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Chinese Stocks in Hong Kong Fall to Global Financial Crisis Lows
January 20, 2016 — 9:54 AM CST Updated on January 20, 2016 — 4:56 PM CST
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Investors look at electronic boards displaying stock information at a securities brokerage in Beijing, China, on Monday, Jan. 18, 2016. China’s economy slowed in December, capping the weakest quarter of growth since the 2009 global recession, as the Communist leadership struggles to manage a transition to consumer-led expansion. Photographer: Qilai Shen/Bloomberg
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Chinese stocks in Hong Kong tumbled to the lowest level since the depths of the global financial crisis as a slide in the city’s dollar spurred concerns over capital outflows. Oil producers and property developers led declines.
The Hang Seng China Enterprises Index plunged as much as 5.5 percent before paring losses to close 4.3 percent lower in Hong Kong. PetroChina Co. fell to an almost 11-year low as oil extended its decline and Cnooc Ltd., China’s largest offshore oil company, said it will cut output for the first time in more than a decade. Hong Kong’s dollar traded near its weakest level since 2007 as concern about China’s slowing economy curbs demand for the city’s assets. The Shanghai Composite Index lost 1 percent.
“The local dollar’s slide is igniting concerns that capital outflows are accelerating as funds are selling equities en masse,” said Castor Pang, head of research at Core-Pacific Yamaichi Hong Kong. “Overall sentiment is very bad in Hong Kong.”
The so-called H-shares gauge slid to 8,015.44, the lowest since March 2009. The index has slumped 17 percent this year, joining the Shanghai Composite as the world’s worst-performing global benchmark measure out of the 93 tracked by Bloomberg. Similar to their mainland counterparts, Hong Kong policy makers are fighting to prevent a vicious cycle of capital outflows and a weakening currency with the resulting financial-market volatility heightening concern that China’s deepest economic slowdown since 1990 will worsen.
The price difference of Hong Kong-listed shares and their mainland-traded peers widened the most in three months on Wednesday, according to a gauge tracking the price gap of the two markets.
PetroChina and China Petroleum & Chemical Corp. tumbled at least 6 percent in Hong Kong. Oil extended its decline from the lowest close in more than 12 years, while Cnooc’s output cut increased speculation the nation’s producers are succumbing to the global price war. Cnooc’s acknowledgment that spending cuts are hurting production may be a prelude to further reductions by Chinese explorers, according to Nomura Holdings Inc. The stock dropped 6.1 percent.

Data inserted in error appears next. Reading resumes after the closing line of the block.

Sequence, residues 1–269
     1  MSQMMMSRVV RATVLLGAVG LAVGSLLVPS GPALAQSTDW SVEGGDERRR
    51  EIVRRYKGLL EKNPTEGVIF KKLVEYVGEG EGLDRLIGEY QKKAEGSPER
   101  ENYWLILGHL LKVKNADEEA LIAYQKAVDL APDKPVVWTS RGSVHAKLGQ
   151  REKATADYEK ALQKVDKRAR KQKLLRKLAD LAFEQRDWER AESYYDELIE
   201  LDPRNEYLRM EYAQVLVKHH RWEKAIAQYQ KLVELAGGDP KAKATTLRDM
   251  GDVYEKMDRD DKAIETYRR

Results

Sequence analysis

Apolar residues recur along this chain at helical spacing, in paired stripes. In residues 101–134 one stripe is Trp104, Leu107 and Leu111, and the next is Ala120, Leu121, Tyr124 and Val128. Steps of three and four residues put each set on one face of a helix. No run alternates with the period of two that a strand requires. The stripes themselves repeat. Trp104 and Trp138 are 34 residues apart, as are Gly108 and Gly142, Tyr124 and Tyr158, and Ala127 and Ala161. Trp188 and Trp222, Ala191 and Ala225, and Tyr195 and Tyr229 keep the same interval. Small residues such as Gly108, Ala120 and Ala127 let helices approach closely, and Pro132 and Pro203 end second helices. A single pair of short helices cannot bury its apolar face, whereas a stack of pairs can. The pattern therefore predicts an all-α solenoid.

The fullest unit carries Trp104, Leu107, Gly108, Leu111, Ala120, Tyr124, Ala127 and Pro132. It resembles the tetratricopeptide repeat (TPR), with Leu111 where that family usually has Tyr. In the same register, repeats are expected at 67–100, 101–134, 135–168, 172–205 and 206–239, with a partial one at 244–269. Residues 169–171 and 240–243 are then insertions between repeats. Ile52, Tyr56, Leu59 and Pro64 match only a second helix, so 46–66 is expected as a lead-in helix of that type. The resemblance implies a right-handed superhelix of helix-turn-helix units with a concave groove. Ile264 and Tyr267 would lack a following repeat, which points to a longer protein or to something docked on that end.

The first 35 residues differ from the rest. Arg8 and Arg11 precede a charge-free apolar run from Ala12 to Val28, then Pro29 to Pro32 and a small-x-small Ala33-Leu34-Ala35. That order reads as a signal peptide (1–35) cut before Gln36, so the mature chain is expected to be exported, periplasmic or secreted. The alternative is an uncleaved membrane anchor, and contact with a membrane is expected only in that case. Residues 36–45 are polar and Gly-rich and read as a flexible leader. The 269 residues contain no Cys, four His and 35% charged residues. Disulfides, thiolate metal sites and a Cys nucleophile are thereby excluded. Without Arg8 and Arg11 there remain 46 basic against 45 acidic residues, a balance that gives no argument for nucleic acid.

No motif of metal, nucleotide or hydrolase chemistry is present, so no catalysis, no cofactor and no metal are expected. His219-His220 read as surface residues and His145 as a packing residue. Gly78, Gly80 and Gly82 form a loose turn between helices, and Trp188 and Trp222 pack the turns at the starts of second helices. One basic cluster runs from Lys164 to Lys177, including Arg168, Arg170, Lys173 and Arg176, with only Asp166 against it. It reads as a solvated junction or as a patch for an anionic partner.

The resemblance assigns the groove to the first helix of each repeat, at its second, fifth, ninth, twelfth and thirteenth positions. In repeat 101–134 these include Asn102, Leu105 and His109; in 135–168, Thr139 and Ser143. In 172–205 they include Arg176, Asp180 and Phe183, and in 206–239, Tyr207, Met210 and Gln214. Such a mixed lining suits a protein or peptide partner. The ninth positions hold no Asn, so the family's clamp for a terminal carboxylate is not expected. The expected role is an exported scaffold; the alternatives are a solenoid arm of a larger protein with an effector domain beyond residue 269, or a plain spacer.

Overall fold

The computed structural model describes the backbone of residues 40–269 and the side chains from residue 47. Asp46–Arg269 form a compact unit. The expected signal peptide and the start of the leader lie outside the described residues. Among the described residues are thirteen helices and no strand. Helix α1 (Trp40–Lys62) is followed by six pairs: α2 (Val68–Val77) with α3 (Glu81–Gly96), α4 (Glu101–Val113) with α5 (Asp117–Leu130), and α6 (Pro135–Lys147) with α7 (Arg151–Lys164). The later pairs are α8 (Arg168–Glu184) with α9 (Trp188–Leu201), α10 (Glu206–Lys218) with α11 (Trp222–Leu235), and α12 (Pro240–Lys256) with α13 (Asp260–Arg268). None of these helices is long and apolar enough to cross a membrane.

Hong Kong’s Hang Seng Index tumbled 3.8 percent to a three-year low as trading volumes surged 60 percent above the 30-day average. Property developers led declines, with Cheung Kong Property Holdings Ltd. sliding 7.1 percent to a record low.
“To protect the Hong Kong dollar peg the government has to raise the interest rate,” said Louis Tse, a Hong Kong-based director at VC Brokerage Ltd. “The property companies are high-beta stocks because you have to borrow during the development phase,” with higher borrowing costs potentially weighing on home owners as well, he said.
The Hong Kong dollar dropped as low as HK$7.8229, within 0.35 percent of the weak end of its band, while forward contracts sank to their weakest level this century. The currency, which is allowed to trade in a range versus the greenback, last week posted its steepest two-day drop since 1992 as investors pulled money out of the city amid concern about China’s economy. Data on Tuesday showed the nation’s growth missed analysts’ estimates last quarter, while industrial production, retail sales and fixed-asset investment all slowed at the end of the year.
Baring Asset Management Ltd. is eyeing Hong Kong stocks at the lowest valuations in more than a decade, betting that the city’s slumping currency make this an unexpectedly good time to buy equities. That’s in contrast to Core Pacific Yamaichi International Hong Kong Ltd., which sees little chance of outflows abating, and Linus Yip at First Shanghai Securities Ltd., who expects the weak economic environment to drag stocks lower.
In mainland trading, the CSI 300 Index dropped 1.5 percent, dragged down by consumer and technology companies. Stocks fell as borrowing costs in the money market climbed to a nine-month high and China’s securities regulator allowed seven companies to sell initial public offering shares after the country introduced a new system of bidding for IPO stocks. The seven will arrange the offerings before the week-long Chinese New Year holidays that start Feb. 8.
The overnight repurchase rate, a gauge of funding availability in the financial system, rose six basis points to 2.06 percent in Shanghai. The monetary authority provided 410 billion yuan ($62 billion) to commercial lenders via its Medium-term Lending Facility on Tuesday. It plans to inject more than 600 billion yuan into the financial system to meet demand before the Chinese holidays.